Discovery of signalling pathway could pave way for developing treatments targeting T-ALL leukaemia

Discovery of signalling pathway could pave way for developing treatments targeting T-ALL leukaemia

Cooperation between Finnish and Chinese research groups has opened up new opportunities for developing treatments targeting aggressive acute lymphoblastic leukaemia (T-ALL). [More]
BetterYou’s oral vitamin D sprays win gold and bronze at Best Baby and Toddler Gear Awards by Mummii

BetterYou’s oral vitamin D sprays win gold and bronze at Best Baby and Toddler Gear Awards by Mummii

An innovative way of boosting the vitamin D levels of expectant mums and infants has been honoured by one of the parenting industries most prestigious award schemes. [More]
New research sheds light on underlying genetic basis of heart arrhythmias

New research sheds light on underlying genetic basis of heart arrhythmias

In the August 31 issue of Science Translational Medicine, new research from the University of Chicago shows how deficits in a specific pathway of genes can lead to the development of atrial fibrillation, a common irregular heartbeat, which poses a significant health risk. [More]
Giving breastfeeding mothers monthly high-dose vitamin D supplements could benefit infants

Giving breastfeeding mothers monthly high-dose vitamin D supplements could benefit infants

New research from New Zealand's University of Otago has found that giving breastfeeding mothers monthly high-dose vitamin D supplements may be a possible way to improve their babies' vitamin D status. [More]
Janssen seeks to extend DARZALEX license to benefit more multiple myeloma patients

Janssen seeks to extend DARZALEX license to benefit more multiple myeloma patients

Janssen-Cilag International NV has announced the submission of a Type II variation application to the European Medicines Agency (EMA), seeking to broaden the existing marketing authorisation for the immunotherapy DARZALEX® (daratumumab) to include treatment of adult patients with relapsed multiple myeloma who have received at least one prior therapy. The expanded indication is based on daratumumab in combination with lenalidomide (an immmunomodulatory agent) and dexamethasone, or bortezomib (a PI) and dexamethasone. [More]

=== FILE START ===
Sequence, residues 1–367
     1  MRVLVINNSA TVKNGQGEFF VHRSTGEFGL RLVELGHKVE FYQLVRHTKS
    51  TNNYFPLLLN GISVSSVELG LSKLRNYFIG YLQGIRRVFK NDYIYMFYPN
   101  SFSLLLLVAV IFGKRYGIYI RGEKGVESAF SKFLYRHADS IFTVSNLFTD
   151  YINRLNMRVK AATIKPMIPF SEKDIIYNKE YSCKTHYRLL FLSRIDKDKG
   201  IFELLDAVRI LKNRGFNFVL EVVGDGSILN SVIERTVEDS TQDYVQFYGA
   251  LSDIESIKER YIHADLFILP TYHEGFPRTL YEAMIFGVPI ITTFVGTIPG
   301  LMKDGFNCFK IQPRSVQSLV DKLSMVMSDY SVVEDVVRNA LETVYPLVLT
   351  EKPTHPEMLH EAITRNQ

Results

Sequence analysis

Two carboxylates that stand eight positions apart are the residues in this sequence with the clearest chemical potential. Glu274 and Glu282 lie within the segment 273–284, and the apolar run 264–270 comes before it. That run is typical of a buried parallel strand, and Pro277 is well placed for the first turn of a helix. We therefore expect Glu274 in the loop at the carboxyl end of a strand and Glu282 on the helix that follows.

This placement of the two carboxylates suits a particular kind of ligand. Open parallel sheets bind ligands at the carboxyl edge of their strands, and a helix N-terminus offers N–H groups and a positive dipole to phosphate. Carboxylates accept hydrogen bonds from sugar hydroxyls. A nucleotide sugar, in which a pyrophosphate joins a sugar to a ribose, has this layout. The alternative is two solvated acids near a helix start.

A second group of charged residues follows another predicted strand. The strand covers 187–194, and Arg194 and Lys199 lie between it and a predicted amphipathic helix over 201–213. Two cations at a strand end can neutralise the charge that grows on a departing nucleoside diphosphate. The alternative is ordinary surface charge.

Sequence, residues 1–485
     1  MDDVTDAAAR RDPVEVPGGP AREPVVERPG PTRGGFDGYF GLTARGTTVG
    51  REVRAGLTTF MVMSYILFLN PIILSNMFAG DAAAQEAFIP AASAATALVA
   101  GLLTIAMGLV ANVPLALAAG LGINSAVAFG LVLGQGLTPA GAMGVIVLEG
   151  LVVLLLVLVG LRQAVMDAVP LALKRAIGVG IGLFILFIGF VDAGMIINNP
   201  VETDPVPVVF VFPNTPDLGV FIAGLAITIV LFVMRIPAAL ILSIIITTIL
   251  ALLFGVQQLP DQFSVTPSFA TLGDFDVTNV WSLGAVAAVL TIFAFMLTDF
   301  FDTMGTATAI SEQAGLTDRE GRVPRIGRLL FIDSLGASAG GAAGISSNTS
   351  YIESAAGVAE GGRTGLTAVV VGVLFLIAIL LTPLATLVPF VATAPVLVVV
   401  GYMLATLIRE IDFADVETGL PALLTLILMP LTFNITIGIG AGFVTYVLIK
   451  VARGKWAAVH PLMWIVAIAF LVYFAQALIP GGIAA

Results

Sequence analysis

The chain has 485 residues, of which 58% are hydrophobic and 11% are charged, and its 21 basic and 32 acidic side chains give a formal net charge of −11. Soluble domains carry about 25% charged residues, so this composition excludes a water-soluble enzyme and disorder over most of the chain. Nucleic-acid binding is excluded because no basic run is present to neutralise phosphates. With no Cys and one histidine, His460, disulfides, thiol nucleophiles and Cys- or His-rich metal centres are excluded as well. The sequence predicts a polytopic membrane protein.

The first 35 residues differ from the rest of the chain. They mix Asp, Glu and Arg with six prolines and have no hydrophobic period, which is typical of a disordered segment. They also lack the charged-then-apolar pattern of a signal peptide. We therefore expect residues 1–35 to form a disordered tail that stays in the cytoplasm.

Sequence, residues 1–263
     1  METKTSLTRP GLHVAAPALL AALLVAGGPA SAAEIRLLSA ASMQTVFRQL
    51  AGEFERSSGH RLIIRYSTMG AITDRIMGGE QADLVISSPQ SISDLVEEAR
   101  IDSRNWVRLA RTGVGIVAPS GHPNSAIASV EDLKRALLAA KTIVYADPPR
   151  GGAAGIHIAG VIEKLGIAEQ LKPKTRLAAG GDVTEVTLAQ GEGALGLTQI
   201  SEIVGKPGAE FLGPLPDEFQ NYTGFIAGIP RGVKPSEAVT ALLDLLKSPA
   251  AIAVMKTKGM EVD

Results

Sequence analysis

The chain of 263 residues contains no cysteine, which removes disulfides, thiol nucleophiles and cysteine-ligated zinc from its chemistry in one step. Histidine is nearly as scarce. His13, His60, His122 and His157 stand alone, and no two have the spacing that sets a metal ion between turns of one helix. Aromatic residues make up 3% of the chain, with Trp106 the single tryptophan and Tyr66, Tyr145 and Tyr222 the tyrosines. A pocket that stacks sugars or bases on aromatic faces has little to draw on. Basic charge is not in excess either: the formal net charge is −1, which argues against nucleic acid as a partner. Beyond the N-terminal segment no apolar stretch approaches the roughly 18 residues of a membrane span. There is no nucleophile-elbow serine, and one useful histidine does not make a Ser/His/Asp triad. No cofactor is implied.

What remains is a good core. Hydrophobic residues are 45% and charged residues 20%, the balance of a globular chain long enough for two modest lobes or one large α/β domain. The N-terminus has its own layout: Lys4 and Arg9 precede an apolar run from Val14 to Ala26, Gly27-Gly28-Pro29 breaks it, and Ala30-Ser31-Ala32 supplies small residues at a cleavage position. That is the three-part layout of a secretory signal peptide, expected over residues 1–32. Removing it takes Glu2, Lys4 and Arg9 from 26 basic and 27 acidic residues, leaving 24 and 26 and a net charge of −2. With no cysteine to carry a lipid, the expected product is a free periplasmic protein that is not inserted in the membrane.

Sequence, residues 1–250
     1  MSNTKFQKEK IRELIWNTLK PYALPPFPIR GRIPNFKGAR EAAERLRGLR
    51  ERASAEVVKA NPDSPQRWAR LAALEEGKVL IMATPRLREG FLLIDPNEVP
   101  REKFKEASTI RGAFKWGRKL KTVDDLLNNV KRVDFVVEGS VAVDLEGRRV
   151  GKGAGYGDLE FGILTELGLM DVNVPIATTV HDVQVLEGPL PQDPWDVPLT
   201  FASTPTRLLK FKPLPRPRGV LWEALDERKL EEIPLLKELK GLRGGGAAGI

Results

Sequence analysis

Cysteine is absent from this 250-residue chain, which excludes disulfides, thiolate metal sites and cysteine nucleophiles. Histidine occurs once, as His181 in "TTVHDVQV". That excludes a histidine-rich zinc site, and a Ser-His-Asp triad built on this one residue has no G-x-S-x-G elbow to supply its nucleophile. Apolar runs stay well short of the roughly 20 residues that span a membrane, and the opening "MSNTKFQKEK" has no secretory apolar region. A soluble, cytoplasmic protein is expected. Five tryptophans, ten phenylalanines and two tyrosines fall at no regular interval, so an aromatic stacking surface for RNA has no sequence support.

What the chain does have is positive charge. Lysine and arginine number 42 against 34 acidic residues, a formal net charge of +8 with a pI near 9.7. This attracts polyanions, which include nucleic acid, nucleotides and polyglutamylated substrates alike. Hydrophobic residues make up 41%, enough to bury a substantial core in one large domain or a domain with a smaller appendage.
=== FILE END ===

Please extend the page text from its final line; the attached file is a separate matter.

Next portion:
Scientists devise new route to synthesize insecticide in 15 steps

Scientists devise new route to synthesize insecticide in 15 steps

For chemists like Sarah Reisman, professor of chemistry at Caltech, synthesizing molecules is like designing your own jigsaw puzzle. You know what the solved puzzle looks like--the molecule--and your job is to figure out the best pieces to use to put it together. [More]
PinnacleHealth replaces aortic valve in two patients using minimally invasive surgery

PinnacleHealth replaces aortic valve in two patients using minimally invasive surgery

This week, PinnacleHealth became the first hospital in the country to implant the EDWARDS INTUITY Elite valve, a rapid deployment device for surgical aortic valve replacement, after U.S. Food and Drug Administration approval. [More]
New report documents fetal brain abnormalities linked to congenital Zika infection

New report documents fetal brain abnormalities linked to congenital Zika infection

In a special report released August 23 in the journal Radiology, a team of researchers including Deborah Levine, MD, Director of Obstetric & Gynecologic ultrasound at Beth Israel Deaconess Medical Center and professor of radiology at Harvard Medical School, documented the brain abnormalities associated with congenital Zika in 45 confirmed and presumed cases from northeastern Brazil. [More]
TSRI study sheds light on how mitochondrial calcium can affect learning and memory

TSRI study sheds light on how mitochondrial calcium can affect learning and memory

While calcium's importance for our bones and teeth is well known, its role in neurons—in particular, its effects on processes such as learning and memory—has been less well defined. [More]
Stiff arteries can negatively impact memory and vital brain processes

Stiff arteries can negatively impact memory and vital brain processes

As we age, our arteries gradually become less flexible, making it harder for the heart to pump blood throughout the body. [More]
New camera technology paired with electron microscope allows biologists to see tiny cellular components

New camera technology paired with electron microscope allows biologists to see tiny cellular components

Using a new, lightning-fast camera paired with an electron microscope, Columbia University Medical Center scientists have captured images of one of the smallest proteins in our cells to be "seen" with a microscope. [More]